Iowa’s Public Universities Court Industry Research With Low-Cost Licenses

Iowa’s two public research universities are the latest to adopt policies aimed at attracting more industry-financed research by promising the sponsors simple—and low-cost—terms to license any inventions that result from the work.

Under the new policies, companies that sponsor research at the University of Iowa or Iowa State University and that pay an extra $15,000 fee upfront can receive exclusive rights to commercialize research results without paying additional licensing fees.

The sponsors must also pay the universities’ full overhead costs. In the event the invention becomes a blockbuster, with net sales worth more than $20-million, a 1-percent royalty fee would kick in.

“Certainty is one of the things that companies really prize,” said the University of Iowa’s vice president for research and economic development, Daniel Reed, and the new option for sponsors provides that. Mr. Reed recently returned to academe after a stint as a high-level executive at Microsoft. About 8 percent of the university’s more than $400-million in sponsored research comes from companies.

Iowa State, where industrial funds account for about 13 percent of its $360-million in research spending, hopes its new policy will help it to attract more support from companies. “They get this package. They understand it,” said David Oliver, interim vice president for research and economic development there.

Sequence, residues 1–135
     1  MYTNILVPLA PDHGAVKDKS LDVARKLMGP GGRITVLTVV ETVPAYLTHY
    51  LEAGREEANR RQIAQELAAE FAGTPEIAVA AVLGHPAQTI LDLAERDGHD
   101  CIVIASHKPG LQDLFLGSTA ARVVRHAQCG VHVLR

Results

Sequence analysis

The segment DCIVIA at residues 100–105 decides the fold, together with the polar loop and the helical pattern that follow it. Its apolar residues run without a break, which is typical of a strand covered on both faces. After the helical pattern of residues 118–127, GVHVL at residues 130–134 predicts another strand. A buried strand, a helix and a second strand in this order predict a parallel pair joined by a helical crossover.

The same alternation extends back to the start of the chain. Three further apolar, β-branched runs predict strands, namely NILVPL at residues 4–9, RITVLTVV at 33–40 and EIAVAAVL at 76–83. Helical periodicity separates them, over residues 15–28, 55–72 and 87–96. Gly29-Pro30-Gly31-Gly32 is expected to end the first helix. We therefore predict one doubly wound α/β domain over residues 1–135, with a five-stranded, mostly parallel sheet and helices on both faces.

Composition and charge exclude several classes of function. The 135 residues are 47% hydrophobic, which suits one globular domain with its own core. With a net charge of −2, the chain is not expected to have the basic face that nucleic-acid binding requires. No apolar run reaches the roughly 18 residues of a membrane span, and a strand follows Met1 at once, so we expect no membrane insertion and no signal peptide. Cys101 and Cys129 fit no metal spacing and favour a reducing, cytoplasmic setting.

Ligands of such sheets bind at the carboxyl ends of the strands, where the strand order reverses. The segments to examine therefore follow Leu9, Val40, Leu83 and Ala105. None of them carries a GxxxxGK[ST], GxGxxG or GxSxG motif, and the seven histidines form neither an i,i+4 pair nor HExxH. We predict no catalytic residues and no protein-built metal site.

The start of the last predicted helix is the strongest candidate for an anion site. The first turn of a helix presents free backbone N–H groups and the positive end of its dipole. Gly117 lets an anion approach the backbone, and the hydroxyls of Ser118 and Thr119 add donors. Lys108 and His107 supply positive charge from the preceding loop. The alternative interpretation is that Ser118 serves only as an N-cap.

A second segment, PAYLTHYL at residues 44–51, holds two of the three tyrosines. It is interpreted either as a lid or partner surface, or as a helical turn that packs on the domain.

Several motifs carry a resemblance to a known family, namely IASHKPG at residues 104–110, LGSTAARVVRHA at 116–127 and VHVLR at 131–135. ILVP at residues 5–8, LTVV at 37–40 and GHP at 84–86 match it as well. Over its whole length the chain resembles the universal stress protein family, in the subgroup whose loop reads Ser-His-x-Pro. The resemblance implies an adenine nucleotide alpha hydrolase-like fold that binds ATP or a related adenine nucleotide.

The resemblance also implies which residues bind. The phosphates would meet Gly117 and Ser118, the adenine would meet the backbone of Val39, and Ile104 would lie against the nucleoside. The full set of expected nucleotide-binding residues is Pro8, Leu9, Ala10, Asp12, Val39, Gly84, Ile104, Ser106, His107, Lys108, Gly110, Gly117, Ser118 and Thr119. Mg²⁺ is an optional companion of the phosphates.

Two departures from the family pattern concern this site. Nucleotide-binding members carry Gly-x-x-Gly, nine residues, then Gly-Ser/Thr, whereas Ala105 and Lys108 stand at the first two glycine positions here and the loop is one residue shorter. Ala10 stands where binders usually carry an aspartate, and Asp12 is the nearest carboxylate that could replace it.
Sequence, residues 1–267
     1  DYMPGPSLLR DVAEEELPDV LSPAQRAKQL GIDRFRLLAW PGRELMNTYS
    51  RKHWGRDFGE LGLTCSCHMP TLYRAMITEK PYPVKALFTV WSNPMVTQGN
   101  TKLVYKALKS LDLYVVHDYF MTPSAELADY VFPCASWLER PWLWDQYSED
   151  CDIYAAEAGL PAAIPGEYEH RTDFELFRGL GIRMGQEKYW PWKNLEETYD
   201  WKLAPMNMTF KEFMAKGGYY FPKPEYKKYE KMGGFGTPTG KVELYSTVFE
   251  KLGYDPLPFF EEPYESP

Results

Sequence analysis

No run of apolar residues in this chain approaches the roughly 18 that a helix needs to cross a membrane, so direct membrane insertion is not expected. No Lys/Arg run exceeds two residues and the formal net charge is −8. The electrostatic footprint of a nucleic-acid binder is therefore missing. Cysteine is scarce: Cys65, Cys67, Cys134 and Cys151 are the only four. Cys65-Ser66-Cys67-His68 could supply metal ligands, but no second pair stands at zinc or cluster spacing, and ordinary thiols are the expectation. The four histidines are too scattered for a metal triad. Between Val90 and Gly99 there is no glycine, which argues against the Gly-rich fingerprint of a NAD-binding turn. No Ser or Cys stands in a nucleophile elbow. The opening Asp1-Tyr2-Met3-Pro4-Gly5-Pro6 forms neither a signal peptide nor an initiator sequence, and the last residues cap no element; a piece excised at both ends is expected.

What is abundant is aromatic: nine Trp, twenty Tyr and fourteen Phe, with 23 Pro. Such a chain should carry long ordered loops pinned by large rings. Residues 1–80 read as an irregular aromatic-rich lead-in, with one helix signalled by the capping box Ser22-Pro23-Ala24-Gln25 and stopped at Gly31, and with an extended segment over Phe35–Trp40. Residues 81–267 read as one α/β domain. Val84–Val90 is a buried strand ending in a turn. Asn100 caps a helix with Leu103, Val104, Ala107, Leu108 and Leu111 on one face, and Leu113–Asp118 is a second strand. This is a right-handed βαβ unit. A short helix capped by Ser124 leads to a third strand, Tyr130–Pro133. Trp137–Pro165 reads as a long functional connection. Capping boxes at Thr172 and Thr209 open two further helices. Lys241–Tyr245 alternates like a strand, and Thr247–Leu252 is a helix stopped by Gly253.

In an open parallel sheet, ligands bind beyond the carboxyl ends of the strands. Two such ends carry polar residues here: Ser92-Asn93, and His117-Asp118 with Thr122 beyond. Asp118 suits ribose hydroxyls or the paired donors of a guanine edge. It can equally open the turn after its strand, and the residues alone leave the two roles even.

Both officials said they hoped the policy would also help them bring in more money to cover overhead costs. Now many companies and other research sponsors negotiate to pay lower overhead rates.

The Iowa universities said they had modeled their policies on programs already in effect at the University of Minnesota and other institutions.

Although such policies create the possibility that companies could take advantage of the university or the professors doing the work, Mr. Oliver said there are some safeguards. For one, all parties, including the researchers, must agree to undertake the research under the new policy. Otherwise, other terms (which typically give companies royalty-free nonexclusive rights and an option to negotiate for an exclusive) would come into play.

It’s still possible that a company could walk away with the commercialization rights to a big hit for a mere $15,000, but Mr. Oliver said that if history was any guide, that’s not likely. Most of the university’s biggest commercialization successes have come from research financed by federal grants or other sources,  he said: “This is not something that is going to be a money loser.”

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